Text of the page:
‘Government needs to increase wages to those responsible.’ (Participant 3, FGD 1, parent)

Subtheme 2.2: Awareness

A participant from the FGD highlighted the importance of awareness for NCDs amongst parents and said:

‘Awareness is what is needed because if our communities were aware, even we as teachers as enlightened people would be aware before we went to children in classes. We would create awareness in our own communities and probably could have influence to counter the development of these diseases.’ (Participant 4, FGD 1, educator)

This was echoed by another participant who further explained the importance of their awareness about the disease risk factors and said:

‘If we are aware of dangers of fat cakes and others, even our children could be aware. We need to make communities aware so that we do away with things like these.’ (Participant 2, FGD 2, parent)

One of the SGB members supported the need to supervise what was fed to their children at homes and at all other environments including what they themselves were feeding their children during breakfast:

‘… although there is no alternative, with awareness and support, communities can be aware that soft porridge is not an ideal meal.’ (Participant 6, FGD 1, parent)

The challenge expressed by other FGD was that the problem was with children who seem not to prefer fruit as part of their daily diet. As such, so much food gets wasted within the school nutrition programme wherein children threw the fruit away after only one bite on it. One of the SMT members who participated in the FGD expressed difficulties in ways of dealing with NCDs risk factors such as diet and said:

‘There is difficulty everywhere. Although you educate a learner that fruit is good than chips but when you have given them a Rand, they know that they will be able to buy two packets of chips than an apple.’ (Participant 5, FGD 1, educator)

Subtheme 2.3: Diet control

The societal factors facilitated the continuance of the undesirable behaviour by the communities whilst they could not avoid it. Similarly, to this notion, one of the participants expressed the effects of the societal factors towards their health and said:

‘… I know that if I use salty food, that could kill me, but I don’t have a choice as my money or budget is too little for me to buy healthy foods.’ (Participant 1, FGD 2, parent)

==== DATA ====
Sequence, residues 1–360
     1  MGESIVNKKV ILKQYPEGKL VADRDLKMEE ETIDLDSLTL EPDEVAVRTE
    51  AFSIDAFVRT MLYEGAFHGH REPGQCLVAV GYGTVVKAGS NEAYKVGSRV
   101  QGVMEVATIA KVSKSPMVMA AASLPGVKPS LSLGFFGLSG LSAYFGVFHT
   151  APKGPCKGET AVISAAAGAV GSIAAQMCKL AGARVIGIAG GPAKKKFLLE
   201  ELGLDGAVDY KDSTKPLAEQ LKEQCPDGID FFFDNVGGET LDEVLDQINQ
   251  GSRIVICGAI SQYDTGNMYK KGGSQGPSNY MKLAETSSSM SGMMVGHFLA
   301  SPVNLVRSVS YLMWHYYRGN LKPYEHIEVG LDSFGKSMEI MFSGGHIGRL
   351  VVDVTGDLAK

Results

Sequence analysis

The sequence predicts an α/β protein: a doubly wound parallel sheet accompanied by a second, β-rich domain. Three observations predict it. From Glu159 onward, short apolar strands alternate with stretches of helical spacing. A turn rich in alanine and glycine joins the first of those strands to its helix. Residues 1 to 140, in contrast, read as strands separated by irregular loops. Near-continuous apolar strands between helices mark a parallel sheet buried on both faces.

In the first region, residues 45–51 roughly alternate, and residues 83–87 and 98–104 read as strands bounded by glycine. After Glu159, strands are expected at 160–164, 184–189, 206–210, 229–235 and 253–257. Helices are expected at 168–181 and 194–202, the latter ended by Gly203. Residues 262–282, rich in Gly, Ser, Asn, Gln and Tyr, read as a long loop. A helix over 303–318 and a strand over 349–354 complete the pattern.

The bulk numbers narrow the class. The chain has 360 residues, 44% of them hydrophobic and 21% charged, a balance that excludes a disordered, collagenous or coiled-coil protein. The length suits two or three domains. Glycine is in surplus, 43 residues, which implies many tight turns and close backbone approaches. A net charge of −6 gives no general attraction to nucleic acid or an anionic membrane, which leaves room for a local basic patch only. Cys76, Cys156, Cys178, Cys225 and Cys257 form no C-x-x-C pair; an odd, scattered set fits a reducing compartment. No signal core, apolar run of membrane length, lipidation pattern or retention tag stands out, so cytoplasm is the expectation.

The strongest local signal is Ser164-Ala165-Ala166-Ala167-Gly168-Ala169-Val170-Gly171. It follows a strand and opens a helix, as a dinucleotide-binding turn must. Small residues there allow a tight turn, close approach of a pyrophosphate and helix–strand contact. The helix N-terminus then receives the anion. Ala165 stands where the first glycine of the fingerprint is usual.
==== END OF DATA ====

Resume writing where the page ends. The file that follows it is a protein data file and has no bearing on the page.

‘… these children do not like to eat an apple. You find it thrown away around the school.’ (Participant 2, FGD 2, educator)

Subtheme 2.4: Gardening

The presence of gardens in schools was an initiative by participants. However, they felt that SMTs should not have been the people to facilitate or run them, but a special person be employed for them:

‘… there was a need for school garden, which was a very good initiative but its implementation was very poor given that there was no dedicated person responsible for it as such it added burden on teachers.’ (Participant 9, FGD 2, educator)

The effects and impact of the school gardens were expressed as phenomenal but needed to be refined. One of the participants also expressed the same sentiments and further supported the need and importance of both community and school gardens and said:

‘Schools and communities must have gardens and we must have a specific person responsible for that at school.’ (Participant 10, FGD 2, educator)

Subtheme 2.5: Parental care

Other participant supported the establishment of school and community gardens in support of children’s nutritional needs and expressed her observations by saying:

‘… we have parents who do not care. They sleep and never care to see their children off to school.’ (Participant 4, FGD 1, parent)

Subtheme 2.6: School menu

Participants were concerned about the level of concentration for their children at school, blaming it to skipping of breakfast. One participant felt that something else could be done within the National School Nutrition Programme (NSNP) and suggested that:

‘… there must be something for the morning including food handlers for the morning to prepare breakfast as our schools have high numbers of children, and food handlers can’t manage to prepare all these.’ (Participant 1, FGD 2, parent)

Participants described their strategy of managing the skipping of breakfast by suggesting that:

‘A child needs to go for morning prayers and leave for class with half a cup of milk, a boiled egg and at least two slices of bread with either margarine or peanut butter.’ (Participant 4, FGD 2, parent)


This study was conducted to explore the perceptions and knowledge of school authorities about NCDs and what could be done to prevent them. The WHO describes NCDs as diseases that are not passed from person to person (WHO 2018b). The study identified inconsistent description of NCDs amongst members of the SMT. Members of the SMT described the NCDs as diseases that killed. Although this description is categorised as ‘perceived severity’ under the Bandura’s HBM, it suggests a narrow understanding of the NCDs as all what was known was that they lead to death. Limited knowledge about a disease result in poor preventative measures and poor management of the disease (Kohori-Segawa et al. 2020). Causes and controls for NCDs were identified to be minimally understood or known by the SMTs. Limited understanding has a potential to yield undesirable health outcomes if the key people to child development were unable to adequately describe the diseases. It could not be expected that children and adolescents could pursue preventive behaviours of the NCDs if less was known about risk factors by their parents and teachers. Knowledge about the diseases could increase efficacy of an individual towards prevention and management of the disease. Gaps in knowledge were reported to be reflecting on the amount of information received by an individual and subsequently affected the use of such information for disease prevention as there are no perceived threats (Aribike et al. 2019).